Lukas: Continuing winner's circle tradition at the Spa - Horse Racing News | Paulick Report

Lukas: Continuing winner’s circle tradition at the Spa

D. Wayne Lukas confirmed the passing of his son, Jeff, at age 58

When Hall of Fame trainer D. Wayne Lukas wins a horse race, he does something with little fanfare that leaves a strong impression, and it was no different yesterday when his 2-year-old filly Broken Spell rallied to break her maiden in the fifth race on the turf at Saratoga.

Heading to the winner's circle, Lukas spotted a young girl with her family and asked if she would like to join him in the post-race photo.

“I do it every time I win a race,” Lukas said Monday morning. “That's been going on for years. What I do is I get a perfect stranger. I just walk up to somebody standing there with their family, a 5, 6 or 7-year-old, and say, 'Let's get our picture taken with this winning horse.' And I take them there, and they get so excited.

“The beautiful thing is that they're at the races and they see all the horses, but they don't get that close to one. I take them back to the parents and say, 'If you wait about 20 minutes, you can go by the photographer's office and there will be a free copy of that on my account for you.' It's great for the photographer because they get my free one, and they get one for each grandparent and their Aunt Nelly and everybody else, so the photographers get a hell of a bonus out of it.”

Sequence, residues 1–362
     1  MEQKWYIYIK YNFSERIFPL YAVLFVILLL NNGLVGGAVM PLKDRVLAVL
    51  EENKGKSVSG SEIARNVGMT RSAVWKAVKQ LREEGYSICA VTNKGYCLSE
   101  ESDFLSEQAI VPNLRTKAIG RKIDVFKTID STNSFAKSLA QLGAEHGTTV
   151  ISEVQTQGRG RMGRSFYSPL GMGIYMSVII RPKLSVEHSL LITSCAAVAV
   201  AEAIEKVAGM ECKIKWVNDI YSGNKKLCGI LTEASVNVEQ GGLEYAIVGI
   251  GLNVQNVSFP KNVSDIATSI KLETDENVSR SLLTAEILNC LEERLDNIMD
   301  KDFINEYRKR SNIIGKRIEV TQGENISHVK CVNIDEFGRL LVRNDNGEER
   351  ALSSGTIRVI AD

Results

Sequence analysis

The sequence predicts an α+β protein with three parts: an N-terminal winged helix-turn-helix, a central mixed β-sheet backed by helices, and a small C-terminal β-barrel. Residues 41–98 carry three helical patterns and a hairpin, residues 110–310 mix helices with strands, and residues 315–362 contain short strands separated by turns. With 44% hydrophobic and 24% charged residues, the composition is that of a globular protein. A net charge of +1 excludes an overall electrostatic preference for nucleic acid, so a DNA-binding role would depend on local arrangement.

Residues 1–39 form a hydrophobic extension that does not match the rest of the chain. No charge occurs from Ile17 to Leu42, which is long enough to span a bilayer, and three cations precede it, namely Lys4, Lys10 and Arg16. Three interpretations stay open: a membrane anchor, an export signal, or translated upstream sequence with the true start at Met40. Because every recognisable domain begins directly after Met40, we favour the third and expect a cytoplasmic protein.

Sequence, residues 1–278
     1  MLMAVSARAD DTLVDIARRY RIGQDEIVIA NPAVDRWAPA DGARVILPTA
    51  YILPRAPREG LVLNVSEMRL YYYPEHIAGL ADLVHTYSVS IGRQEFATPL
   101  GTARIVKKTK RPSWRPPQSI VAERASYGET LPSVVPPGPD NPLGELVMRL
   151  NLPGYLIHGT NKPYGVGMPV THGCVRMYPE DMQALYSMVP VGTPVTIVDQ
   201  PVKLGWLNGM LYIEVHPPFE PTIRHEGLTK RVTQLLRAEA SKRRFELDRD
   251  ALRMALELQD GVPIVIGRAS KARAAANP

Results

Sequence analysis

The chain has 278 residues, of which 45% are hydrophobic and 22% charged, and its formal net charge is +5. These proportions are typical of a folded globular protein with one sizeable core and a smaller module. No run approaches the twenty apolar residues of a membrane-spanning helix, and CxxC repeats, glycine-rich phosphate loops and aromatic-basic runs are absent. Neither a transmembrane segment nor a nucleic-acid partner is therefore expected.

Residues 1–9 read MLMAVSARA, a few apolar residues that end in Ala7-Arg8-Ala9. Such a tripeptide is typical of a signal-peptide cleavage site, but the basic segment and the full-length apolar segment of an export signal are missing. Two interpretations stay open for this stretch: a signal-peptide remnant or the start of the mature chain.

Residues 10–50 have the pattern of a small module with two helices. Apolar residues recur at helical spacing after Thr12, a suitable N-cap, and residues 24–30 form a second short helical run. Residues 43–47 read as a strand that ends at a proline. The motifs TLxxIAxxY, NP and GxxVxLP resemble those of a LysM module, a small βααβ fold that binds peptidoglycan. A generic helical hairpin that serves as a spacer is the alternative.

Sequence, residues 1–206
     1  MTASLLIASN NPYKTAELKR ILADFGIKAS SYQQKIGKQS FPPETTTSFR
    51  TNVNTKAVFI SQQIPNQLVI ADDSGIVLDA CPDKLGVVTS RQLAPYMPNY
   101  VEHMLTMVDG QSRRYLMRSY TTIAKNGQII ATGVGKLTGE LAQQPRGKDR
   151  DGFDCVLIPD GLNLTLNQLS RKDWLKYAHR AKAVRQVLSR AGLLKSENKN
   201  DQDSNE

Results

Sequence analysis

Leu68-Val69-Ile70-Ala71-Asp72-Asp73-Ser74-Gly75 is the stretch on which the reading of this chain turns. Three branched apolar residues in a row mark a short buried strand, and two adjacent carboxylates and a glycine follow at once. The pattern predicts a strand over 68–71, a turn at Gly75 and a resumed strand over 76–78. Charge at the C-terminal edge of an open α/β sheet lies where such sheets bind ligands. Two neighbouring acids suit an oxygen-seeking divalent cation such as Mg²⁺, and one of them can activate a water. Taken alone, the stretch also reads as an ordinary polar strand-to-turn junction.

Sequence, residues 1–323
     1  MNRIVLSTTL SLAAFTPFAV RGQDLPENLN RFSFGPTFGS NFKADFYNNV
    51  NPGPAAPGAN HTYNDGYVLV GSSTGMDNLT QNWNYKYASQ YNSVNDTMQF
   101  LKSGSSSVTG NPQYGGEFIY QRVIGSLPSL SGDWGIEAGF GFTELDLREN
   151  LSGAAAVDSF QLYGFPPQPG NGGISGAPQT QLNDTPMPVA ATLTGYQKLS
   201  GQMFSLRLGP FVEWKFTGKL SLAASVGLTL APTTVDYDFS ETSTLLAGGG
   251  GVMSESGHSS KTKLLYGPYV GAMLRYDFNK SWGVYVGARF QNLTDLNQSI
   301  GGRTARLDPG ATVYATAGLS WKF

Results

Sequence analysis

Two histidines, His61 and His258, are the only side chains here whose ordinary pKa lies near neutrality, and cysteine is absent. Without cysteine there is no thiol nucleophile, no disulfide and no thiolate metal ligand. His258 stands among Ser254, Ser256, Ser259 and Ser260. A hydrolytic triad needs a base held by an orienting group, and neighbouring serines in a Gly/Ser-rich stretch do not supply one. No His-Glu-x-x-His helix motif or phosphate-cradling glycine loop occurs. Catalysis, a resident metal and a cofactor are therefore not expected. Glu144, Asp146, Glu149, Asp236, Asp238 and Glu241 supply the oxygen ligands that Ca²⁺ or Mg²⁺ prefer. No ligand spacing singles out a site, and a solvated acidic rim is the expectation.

Lukas said the little girl he brought down to the winner's circle Sunday innocently asked him, “'What do you do here?' And I said, 'I work here. I take care of the horses.' And she said, 'Oh, good. Can I touch him?' And I said, 'When he gets here, we'll take the saddle off and you can touch him.' She has no idea that I have ever won a race any other place or even knew anything about the horse.”

Lukas said he got in the habit of taking kids to the winner's circle at Oaklawn Park in Hot Springs, Ark., and wishes more trainers would do it.

“It takes no time, it's pleasant for me, and I think it develops a public relations thing that you couldn't duplicate if you spent all night trying to think of something,” he said.

“I was standing there at the Derby this year, and this kid comes walking up and says, 'Do you remember me?' And his parents were standing back; he came by himself. We shook hands, and I said, 'No, I don't remember you. Should I?' And he said, 'Oh, yeah. We had our picture taken together last year. I have it up on my bulletin board.'

“You can't produce that kind of PR,” Lukas said. “We need more of that. It's so easy to do.”

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